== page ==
West aims to lessen Iran nuclear risk

World powers start talks with Iran next week on a final agreement expected on the issue.

FILE: The head of Iran's Atomic Energy Organisation Ali Akbar Salehi and International Atomic Energy Agency (IAEA) Director General Yukiya Amano. Picture: AFP.

BRUSSELS/VIENNA - When world powers start talks with Iran next week on a final agreement on their nuclear dispute, the main question for the West will be how to ensure Tehran gives up enough atomic activity to ensure it cannot build a bomb any time soon.

If successful, the negotiations could put to rest a decade of hostility between the West and the Islamic Republic, and head off the danger of a new war in the Middle East.

Ingrained mistrust and a vast gap in expectations between the two sides may still doom the search for a deal: US President Barack Obama has put the chance of success at no more than 50 percent. Some say that is optimistic.

But both sides say the political will is there to reach what would amount to a historic compromise with potentially far-reaching geopolitical and economic consequences.

Iran holds some of the world's largest oil and gas reserves and with nearly 80 million people represents a largely untapped market with vast potential for foreign businesses.

Western governments appear to have given up on the idea, enshrined in a series of United Nations Security Council resolutions since 2006, that Iran should suspend the most controversial aspect of its programme - enrichment of uranium.

Diplomats privately acknowledge that Iran's nuclear work, which Western states fear may be aimed at developing the capability to assemble bombs, is now too far advanced for Tehran to agree to dismantle it completely.

But while Iran may be allowed to keep a limited enrichment capacity, the West will seek guarantees that mean any attempt to build a nuclear bomb would take long enough for it to be detected and stopped, possibly with military action.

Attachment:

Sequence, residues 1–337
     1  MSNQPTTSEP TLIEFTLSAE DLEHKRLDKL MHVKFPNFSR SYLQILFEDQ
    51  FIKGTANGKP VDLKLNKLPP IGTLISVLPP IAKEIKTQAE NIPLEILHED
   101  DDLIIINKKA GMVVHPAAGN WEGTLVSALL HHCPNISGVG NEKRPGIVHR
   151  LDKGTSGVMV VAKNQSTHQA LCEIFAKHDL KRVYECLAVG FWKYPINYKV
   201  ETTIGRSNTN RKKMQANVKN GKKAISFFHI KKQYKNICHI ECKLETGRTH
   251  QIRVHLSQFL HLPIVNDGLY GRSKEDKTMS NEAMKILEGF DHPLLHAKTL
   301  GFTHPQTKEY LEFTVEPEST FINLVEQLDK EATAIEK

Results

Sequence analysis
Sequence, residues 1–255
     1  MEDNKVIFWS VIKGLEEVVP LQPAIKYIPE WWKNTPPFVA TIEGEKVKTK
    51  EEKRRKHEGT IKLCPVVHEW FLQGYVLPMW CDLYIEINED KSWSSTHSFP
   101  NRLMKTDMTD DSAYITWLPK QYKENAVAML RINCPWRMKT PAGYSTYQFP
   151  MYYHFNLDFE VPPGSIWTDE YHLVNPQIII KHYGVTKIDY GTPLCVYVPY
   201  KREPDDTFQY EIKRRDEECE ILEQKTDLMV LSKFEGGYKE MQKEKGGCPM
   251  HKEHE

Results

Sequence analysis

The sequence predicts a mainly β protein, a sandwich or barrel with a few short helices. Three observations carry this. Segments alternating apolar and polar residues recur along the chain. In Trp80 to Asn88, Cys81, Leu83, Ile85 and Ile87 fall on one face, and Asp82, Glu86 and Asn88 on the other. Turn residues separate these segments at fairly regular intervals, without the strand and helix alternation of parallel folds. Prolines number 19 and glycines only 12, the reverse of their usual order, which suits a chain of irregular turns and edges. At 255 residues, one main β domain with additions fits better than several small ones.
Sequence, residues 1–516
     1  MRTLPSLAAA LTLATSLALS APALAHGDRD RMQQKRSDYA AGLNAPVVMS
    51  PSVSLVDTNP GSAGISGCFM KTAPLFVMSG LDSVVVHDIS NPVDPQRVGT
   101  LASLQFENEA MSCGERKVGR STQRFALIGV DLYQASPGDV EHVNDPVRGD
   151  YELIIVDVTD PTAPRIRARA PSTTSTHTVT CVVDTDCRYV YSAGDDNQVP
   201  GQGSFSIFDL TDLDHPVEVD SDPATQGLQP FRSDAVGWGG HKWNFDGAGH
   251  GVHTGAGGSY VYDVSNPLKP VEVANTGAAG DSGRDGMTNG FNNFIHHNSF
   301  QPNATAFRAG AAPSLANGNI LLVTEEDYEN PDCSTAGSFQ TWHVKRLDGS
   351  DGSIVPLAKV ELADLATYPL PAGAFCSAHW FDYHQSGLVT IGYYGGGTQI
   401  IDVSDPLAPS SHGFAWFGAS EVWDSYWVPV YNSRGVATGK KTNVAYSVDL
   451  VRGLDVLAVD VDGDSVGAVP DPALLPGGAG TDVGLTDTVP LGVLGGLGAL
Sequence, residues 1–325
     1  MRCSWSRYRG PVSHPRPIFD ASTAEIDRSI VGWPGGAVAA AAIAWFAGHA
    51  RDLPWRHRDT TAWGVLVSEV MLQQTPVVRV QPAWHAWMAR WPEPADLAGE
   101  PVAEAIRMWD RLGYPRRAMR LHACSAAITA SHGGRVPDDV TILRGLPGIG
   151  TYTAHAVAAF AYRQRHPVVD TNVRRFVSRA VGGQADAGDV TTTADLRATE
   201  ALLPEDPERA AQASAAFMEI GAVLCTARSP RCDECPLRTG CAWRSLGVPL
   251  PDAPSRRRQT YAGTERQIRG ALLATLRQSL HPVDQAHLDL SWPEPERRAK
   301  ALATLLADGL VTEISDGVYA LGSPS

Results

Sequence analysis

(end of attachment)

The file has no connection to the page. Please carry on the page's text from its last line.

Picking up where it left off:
Iran says its nuclear programme is entirely peaceful.


"The key question for us is what kind of breakout time we can accept," said a diplomat on one of the six powers' negotiating teams, speaking on condition of anonymity.

Extending that "breakout time", experts and diplomats say, means Iran would have to restrict enriching uranium to a low fissile concentration, stop a large number of its centrifuges now used for such work, limit nuclear research, and submit to highly intrusive monitoring by UN inspectors.

Ahead of the 18 February start of the talks in Vienna, a defiant President Hassan Rouhani pledged that peaceful atomic research would be pursued "forever".

Tehran wants an end to the sanctions that have battered its economy, mainly US and European Union bans on its oil sales. Western states are wary of giving up this leverage too soon.

The talks coordinated by European Union foreign policy chief Catherine Ashton aim to build on a deal last November under which Iran agreed to halt some of its most sensitive work for six months, in return for modest sanctions relief.

That accord made possible with last year's election of Rouhani on a platform to ease Iran's international isolation, was designed to give the sides confidence that a broad agreement is possible.


In the new diplomatic phase, which has to finish in July or the six-month interim accord may have to renegotiated, both sides must satisfy hardliners at home.

In a foretaste of difficulties ahead, Iranian Foreign Minister Mohammad Javad Zarif clashed with US negotiator Wendy Sherman this month over the future of Iran's planned Arak heavy water reactor and the Fordow underground enrichment site.

Israel, which views a nuclear-armed Iran as an existential threat, will push the six negotiating powers - the United States, Russia, China, France, Britain and Germany - to demand that Iran gives up Arak as well as its enrichment plants.

Iran says it is Israel, with its assumed atomic arsenal, that threatens regional peace and security.

Negotiators say one possible way forward on Arak could be to modify it so that it can still produce medical isotopes, Iran's stated goal, without using heavy water which provides a potential route for obtaining weapons-grade plutonium.

Jofi Joseph, former director for non-proliferation on the White House National Security Council staff, said Iran will likely demand it can keep 10,000 machines in operation. It has nearly the same number installed but not running.

But nuclear experts say Iran must sharply reduce its centrifuges in order to extend the time for producing enough weapons-grade fissile material for a bomb. Iran says it only refines uranium for a planned network of nuclear power plants.

The two sides want the final-phase talks to last no more than half a year, and be finished by the time the interim deal expires on 20 July. Many experts believe that is unrealistic.